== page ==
2. Aerosol Properties Changes of Northeast Asia due to a Severe Dust Storm in April 2014

    NASA Astrophysics Data System (ADS)

    Fang, Li; Wang, Shupeng; Yu, Tao; Gu, Xingfa; Zhang, Xingying; Wang, Weihe; Ren, Suling

    2016-04-01

    This study focuses on analyzing the aerosol properties changes due to the dust storm named as "China's Great Wall of Dust" oriented from Taklimakan desert in April, 2014. Dust identification IDDI (Infrared Difference Dust Index) images from FY-2E and true color composite images from FY-3C MERSI (Medium Resolution Spectral Imager) show the breakout and transport of the dust storm.From 4-day forward air mass trajectories, the dusty air masses were mostly transported within the lower boundary layer(<3km) over the Northwest China on April 23rd and April 24th, however they were progressively increasing in altitude to above 5km above the surface when they reached the central part of north China region (32°N-42°N; 105°E-123°E). 3-hourly data records at surface stations suggest that anticyclonic circulation occupying southern Xinjiang basin and cyclonic circulation maintaining in Mongolia formed the typical Synoptic condition which leaded to the strong dust storm. Aerosol Index (AI) results of TOU (Total Ozone Unit) aboard FY-3B are first developed and used in studying the affected areas due to the dust storm. The retrieved aerosol indexes show sensitivity to the dust particles. The dust affected areas agree with the synoptic meteorological condition analysis, which prove the synoptic meteorological condition is the main reason for the break out and transport of the dust storm. Anomalies of the average MODIS (Moderate Resolution Imaging Spectroradiometer) AOD (Aerosol Optical Depth) distributions over Northeast Asia during the dust storm to the average of that in April between 2010-2014 show high aerosol loading due to the dust storm. Compared with the 5-year average AOD in April, aerosol loading during this dust storm was much higher, with AOD values at 550nm up to 2.9 observed over the northwest China.The dust storm also brought different change in the aerosol microphysical properties between Beijing and Dalanzadgad. Aerosol Robotic Network (AERONET) retrievals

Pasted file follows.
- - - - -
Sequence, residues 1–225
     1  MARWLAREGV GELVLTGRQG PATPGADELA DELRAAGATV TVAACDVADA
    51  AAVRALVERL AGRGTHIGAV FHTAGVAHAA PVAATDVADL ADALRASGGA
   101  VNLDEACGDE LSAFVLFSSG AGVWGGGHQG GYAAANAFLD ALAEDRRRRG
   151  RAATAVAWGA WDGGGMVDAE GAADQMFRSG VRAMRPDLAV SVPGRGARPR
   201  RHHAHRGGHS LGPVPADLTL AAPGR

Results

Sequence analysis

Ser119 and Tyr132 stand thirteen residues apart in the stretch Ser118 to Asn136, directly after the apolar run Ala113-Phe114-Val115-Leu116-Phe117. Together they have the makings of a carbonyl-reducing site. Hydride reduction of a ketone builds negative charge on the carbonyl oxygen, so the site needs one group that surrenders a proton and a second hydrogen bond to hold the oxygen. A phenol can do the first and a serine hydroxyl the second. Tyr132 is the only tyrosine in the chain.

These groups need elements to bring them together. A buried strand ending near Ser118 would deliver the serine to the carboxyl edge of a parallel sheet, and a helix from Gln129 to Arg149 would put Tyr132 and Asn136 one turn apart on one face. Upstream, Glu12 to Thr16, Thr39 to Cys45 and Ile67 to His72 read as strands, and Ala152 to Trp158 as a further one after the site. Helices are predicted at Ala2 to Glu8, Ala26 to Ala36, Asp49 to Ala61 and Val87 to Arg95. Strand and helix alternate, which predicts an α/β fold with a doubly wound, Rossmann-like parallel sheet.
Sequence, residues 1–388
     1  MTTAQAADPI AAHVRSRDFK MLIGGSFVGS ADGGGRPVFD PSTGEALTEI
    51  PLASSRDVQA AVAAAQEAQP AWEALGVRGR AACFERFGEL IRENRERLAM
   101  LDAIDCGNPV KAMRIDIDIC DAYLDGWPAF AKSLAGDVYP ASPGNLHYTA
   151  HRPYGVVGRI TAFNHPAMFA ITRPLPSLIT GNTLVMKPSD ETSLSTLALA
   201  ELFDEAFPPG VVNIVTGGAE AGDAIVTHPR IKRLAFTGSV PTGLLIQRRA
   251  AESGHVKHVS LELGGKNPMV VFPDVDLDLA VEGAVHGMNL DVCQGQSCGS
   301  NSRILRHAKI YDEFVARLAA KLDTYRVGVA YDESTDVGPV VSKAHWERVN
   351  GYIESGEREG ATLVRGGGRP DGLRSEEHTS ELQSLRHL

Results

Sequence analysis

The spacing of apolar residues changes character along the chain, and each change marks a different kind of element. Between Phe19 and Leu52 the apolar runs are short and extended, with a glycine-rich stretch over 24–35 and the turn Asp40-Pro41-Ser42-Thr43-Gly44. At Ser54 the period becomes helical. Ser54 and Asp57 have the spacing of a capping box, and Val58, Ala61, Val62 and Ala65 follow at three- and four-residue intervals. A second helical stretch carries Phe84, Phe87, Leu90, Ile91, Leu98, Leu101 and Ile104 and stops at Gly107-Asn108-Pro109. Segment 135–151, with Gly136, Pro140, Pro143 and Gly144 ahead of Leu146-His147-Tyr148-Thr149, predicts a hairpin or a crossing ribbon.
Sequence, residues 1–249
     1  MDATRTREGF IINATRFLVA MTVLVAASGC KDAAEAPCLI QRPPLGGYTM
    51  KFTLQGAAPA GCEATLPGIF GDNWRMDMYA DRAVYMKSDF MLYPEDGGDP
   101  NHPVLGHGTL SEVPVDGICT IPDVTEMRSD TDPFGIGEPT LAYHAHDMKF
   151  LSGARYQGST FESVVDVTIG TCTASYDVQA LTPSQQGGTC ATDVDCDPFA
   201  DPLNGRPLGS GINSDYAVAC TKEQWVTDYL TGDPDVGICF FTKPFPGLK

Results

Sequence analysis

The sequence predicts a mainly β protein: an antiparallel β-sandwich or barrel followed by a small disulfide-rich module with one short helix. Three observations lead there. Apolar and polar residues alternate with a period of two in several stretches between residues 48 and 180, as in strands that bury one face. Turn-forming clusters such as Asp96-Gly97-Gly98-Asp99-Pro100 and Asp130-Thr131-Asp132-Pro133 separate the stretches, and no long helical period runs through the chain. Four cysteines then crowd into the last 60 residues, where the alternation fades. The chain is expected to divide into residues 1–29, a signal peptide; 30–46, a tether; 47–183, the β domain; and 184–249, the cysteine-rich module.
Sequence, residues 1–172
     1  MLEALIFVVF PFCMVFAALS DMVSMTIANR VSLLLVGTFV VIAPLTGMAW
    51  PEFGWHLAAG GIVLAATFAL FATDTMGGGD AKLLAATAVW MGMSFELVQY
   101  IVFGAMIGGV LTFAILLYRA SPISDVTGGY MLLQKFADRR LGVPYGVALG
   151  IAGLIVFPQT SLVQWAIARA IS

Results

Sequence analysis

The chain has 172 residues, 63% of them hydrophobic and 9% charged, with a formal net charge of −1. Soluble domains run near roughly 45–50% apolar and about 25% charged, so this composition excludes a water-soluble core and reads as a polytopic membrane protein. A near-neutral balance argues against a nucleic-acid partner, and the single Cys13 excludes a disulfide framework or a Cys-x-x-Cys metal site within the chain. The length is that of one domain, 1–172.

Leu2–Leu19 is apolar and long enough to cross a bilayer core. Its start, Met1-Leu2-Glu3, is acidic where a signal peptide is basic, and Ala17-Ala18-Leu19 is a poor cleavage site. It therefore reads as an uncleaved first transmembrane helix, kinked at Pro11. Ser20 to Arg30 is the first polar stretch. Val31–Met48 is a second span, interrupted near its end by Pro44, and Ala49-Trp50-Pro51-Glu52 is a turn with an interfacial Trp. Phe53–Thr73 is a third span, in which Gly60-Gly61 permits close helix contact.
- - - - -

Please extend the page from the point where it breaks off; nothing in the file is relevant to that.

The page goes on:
3. Deformation in lead zirconate titanate ceramics under large signal electric field loading measured by digital image correlation

    NASA Astrophysics Data System (ADS)

    Chen, Di; Kamlah, Marc

    2015-11-01

    Digital image correlation, a noncontact and nondestructive method, was employed to monitor the deformation of lead zirconate titanate piezoelectric ceramics. This method is based on imaging a speckle pattern on the specimen surface during the test and subsequently correlating each image of the deformed pattern to that in the reference state. In our work, both longitudinal and transverse strains were calculated from imaging a bulk sample under a ±2 kV/mm electric field. Compared with linear variable displacement transducer data, the results from this correlation method were validated. At the same time, based on this optical technique, different strain-electric field butterfly loops can be drawn from correspondingly selected regions of interest. Combined with contour plots of strain on the surface of the sample, the deformation of bulk ceramic sample under uniaxial electric field loading without any mechanical constraints is proven to be highly homogenous under macro-observing scale.

  4. Annual trace-metal load estimates and flow-weighted concentrations of cadmium, lead, and zinc in the Spokane River basin, Idaho and Washington, 1999-2004

    USGS Publications Warehouse

    Donato, Mary M.

    2006-01-01